Today’s recipe comes from fatfreevegan.com.  It sounded like a somewhat odd combination of ingredients, but it turned out to be great!  We made only a couple of small modifications: we used cooked dry beans instead of canned and we used vegetable broth instead of vegan “chicken broth.”  Also, we used sweet potatoes as the recipe calls for — not yams, which are different.  If you try it with yams, let me know how it turns out.

Sweet Potato and Black Bean Enchiladas

These enchiladas are delicious and different – and gluten-free.

Filling::

Beans:
1 14-oz can black beans, rinsed, drained
2 cloves garlic, minced
fresh lime juice from 1 lime

Potatoes:
2 cups cooked sweet potatoes, smashed
1 Tbs chopped canned green chiles
1/4 tsp ground cumin
1/4 tsp gluten-free curry or chili powder
sea salt and black pepper, to taste

To Assemble::

8 corn tortillas (*tip:: wrap in paper towel and reheat briefly in microwave before stuffing, to soften)

1 cup vegan “chicken broth”
1 Tbs white rice flour or arrowroot starch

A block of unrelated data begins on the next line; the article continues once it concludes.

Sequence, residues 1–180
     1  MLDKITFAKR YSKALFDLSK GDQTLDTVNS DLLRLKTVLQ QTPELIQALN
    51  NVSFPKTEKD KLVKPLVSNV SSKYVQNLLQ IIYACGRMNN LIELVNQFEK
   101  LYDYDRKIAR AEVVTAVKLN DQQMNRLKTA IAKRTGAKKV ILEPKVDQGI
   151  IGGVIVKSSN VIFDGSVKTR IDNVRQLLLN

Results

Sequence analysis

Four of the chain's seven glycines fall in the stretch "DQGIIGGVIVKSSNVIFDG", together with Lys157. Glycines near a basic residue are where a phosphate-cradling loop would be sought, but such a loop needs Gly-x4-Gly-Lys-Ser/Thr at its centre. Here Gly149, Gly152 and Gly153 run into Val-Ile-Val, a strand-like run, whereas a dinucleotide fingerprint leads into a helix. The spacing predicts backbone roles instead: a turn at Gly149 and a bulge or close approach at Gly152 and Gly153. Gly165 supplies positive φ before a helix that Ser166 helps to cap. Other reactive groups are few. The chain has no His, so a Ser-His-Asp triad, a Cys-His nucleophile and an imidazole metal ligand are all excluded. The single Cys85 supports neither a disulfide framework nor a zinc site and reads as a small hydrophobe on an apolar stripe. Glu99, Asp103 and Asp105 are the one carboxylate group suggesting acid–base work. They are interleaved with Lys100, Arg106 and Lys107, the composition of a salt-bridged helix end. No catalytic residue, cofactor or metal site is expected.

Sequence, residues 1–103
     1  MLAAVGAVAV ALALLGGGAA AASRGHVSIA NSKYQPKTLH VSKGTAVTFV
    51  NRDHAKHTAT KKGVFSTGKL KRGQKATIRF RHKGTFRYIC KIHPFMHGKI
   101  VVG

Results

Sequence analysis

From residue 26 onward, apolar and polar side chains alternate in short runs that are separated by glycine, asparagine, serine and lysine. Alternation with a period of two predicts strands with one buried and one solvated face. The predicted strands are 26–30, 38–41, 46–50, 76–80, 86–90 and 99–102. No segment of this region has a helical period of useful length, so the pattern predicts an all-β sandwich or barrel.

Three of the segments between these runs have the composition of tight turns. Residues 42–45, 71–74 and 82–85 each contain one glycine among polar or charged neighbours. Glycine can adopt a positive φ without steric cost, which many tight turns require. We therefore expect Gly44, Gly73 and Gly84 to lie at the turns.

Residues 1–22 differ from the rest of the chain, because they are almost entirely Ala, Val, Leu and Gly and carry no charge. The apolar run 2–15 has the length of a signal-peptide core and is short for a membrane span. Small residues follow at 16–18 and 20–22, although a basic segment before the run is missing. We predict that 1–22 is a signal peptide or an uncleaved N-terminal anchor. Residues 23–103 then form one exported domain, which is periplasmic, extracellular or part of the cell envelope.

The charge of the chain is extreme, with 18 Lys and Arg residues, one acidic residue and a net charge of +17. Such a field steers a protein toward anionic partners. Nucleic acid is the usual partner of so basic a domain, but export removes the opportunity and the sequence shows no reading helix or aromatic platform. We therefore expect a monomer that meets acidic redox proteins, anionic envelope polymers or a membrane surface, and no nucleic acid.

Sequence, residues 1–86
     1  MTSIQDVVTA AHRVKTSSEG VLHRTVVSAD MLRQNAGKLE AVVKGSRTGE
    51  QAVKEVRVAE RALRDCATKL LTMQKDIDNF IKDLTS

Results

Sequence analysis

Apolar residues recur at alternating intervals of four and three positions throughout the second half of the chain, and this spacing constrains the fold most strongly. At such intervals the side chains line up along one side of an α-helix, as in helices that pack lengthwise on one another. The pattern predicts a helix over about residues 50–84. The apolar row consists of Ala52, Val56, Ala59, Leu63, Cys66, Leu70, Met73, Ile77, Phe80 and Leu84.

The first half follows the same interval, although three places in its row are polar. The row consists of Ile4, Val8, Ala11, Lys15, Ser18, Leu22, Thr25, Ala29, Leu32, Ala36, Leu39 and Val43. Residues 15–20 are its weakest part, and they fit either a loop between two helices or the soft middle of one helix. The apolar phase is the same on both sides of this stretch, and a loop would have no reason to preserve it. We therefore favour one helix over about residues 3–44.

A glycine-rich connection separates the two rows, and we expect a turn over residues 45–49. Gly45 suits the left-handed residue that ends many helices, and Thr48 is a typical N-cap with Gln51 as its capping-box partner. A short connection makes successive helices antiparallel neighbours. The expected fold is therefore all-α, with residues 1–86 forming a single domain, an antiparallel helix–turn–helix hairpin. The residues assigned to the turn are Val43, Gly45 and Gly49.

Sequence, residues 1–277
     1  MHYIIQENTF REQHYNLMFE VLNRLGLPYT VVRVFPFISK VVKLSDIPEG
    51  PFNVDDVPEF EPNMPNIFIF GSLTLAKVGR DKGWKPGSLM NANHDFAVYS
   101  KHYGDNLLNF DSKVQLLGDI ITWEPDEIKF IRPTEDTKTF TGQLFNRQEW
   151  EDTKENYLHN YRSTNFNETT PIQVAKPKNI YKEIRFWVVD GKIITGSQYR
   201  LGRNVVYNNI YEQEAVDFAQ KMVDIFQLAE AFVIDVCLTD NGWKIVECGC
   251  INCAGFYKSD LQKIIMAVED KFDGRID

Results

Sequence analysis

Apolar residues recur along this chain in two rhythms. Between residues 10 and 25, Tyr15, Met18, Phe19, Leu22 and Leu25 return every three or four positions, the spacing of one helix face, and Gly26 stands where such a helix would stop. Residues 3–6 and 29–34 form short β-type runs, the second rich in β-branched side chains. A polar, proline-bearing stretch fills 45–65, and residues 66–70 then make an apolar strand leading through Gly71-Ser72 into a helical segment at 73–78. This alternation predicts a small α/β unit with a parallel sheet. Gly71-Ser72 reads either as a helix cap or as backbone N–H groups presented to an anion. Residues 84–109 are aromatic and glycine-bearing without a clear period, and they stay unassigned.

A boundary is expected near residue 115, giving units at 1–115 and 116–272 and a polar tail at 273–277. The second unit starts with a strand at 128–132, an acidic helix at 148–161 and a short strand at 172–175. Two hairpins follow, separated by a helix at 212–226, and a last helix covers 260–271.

1 cup salsa verde (green salsa) or chopped canned green chilies
cumin or chili powder, to taste

Preheat your oven to a moderate 350 degrees F. Lightly spray a non-stick spray into a rectangular baking dish that would hold 8 enchiladas.

In a mixing bowl combine the drained black beans with minced garlic and lime juice. Toss to coat the beans and set aside.

In a separate bowl combine the smashed sweet potatoes with a tablespoon of chopped green chiles; add the spices. Season with sea salt and pepper.

To make a vegan sauce: combine the vegan broth with a tablespoon of rice flour or arrowroot; heat in the microwave till thickened. Whisk in the salsa verde. Add cumin.

Pour 1/4 cup of the sauce into the bottom of the prepared baking dish.